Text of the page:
Climate change emerges as major eczema trigger

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In an analysis of all relevant published studies that assessed atopic dermatitis (also known as eczema) associated with trends in climate-related hazards due to greenhouse gas emissions, investigators found that impacts include direct effects on eczema, like particulate matter-induced inflammation from wildfires, and indirect effects, such as stress resulting from drought-induced food insecurity.

In their research published in Allergy, the scientists created maps showing the past, present, and future projected burden of eczema relative to climate-related hazards. They noted that data are lacking, especially from regions most likely to experience more of these events as a result of climate change.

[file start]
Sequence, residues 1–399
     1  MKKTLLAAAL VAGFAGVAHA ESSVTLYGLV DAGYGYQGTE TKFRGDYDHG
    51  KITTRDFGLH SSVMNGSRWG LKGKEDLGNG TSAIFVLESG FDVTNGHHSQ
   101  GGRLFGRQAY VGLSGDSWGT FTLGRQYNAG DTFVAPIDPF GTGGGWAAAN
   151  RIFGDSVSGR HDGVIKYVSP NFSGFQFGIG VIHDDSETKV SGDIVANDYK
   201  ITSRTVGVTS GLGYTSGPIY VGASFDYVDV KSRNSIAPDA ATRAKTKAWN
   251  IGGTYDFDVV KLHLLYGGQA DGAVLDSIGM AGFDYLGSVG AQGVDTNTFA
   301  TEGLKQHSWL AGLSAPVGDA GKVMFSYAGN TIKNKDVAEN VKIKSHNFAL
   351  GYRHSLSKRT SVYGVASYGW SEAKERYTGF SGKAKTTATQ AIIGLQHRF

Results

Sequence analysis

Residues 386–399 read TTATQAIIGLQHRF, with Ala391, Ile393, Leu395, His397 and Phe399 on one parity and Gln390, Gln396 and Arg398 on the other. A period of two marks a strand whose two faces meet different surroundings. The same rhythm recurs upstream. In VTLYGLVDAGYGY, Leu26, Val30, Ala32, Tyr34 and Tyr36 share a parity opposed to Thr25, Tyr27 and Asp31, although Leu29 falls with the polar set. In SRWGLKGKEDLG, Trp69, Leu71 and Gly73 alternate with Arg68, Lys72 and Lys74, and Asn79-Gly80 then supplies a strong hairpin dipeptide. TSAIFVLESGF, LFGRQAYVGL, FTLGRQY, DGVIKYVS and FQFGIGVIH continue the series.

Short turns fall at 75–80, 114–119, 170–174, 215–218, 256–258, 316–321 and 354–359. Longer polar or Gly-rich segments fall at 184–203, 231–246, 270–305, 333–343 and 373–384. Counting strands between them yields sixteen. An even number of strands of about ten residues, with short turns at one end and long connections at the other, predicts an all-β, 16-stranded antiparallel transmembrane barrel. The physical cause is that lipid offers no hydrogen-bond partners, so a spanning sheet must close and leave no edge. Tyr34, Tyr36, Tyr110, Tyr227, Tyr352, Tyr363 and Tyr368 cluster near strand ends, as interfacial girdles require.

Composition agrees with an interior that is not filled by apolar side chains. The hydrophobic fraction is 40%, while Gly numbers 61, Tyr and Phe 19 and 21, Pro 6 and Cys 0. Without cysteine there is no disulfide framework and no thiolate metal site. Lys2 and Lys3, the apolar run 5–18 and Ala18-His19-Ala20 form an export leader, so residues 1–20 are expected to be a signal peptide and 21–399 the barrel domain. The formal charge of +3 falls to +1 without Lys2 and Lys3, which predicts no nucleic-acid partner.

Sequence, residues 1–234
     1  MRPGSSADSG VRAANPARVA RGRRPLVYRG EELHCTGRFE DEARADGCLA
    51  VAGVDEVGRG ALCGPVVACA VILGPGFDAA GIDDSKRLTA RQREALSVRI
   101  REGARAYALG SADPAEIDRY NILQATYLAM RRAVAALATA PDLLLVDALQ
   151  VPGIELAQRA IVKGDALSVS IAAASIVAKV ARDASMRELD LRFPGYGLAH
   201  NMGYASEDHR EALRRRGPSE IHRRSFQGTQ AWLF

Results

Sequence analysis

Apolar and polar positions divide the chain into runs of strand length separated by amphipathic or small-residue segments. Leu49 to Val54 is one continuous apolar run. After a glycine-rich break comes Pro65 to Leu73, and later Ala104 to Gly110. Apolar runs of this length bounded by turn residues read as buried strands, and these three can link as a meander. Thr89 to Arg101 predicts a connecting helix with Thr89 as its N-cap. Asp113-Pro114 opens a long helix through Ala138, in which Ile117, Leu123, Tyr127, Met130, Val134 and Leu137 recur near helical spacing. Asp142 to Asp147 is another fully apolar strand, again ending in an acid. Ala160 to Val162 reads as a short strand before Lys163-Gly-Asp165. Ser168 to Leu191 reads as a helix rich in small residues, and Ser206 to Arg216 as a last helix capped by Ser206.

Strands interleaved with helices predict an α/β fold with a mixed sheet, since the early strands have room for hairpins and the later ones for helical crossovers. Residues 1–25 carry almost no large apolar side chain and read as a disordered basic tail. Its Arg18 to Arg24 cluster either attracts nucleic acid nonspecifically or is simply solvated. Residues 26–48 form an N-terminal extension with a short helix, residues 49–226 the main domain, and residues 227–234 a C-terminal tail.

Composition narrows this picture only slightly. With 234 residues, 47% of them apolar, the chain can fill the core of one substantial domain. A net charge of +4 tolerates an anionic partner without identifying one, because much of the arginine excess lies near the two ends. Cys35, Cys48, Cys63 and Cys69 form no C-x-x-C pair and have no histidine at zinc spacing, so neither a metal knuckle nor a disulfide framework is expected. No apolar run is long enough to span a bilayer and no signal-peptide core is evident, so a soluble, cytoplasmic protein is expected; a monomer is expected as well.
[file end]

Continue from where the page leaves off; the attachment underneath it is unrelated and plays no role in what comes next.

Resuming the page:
We've known for some time that atopic dermatitis is especially sensitive to climatic factors including air pollution; however, there was less clarity around the impact of increasingly common climatic hazards linked to greenhouse gas emission such as warming, heat waves, drought, wildfires, and floods. We found that most climatic hazards have negative effects on atopic dermatitis and that future research should integrate data on the influence of multiple climatic factors on atopic dermatitis incidence, prevalence, and long-term disease activity in more diverse settings to address these research gaps."

Katrina Abuabara, MD, MA, MSCE, corresponding author of the University of California, San Francisco

Source:
Journal reference:

Wang, S-P., et al. (2024) Impact of climate change on atopic dermatitis: A review by the International Eczema Council. Allergy. doi.org/10.1111/all.16007.

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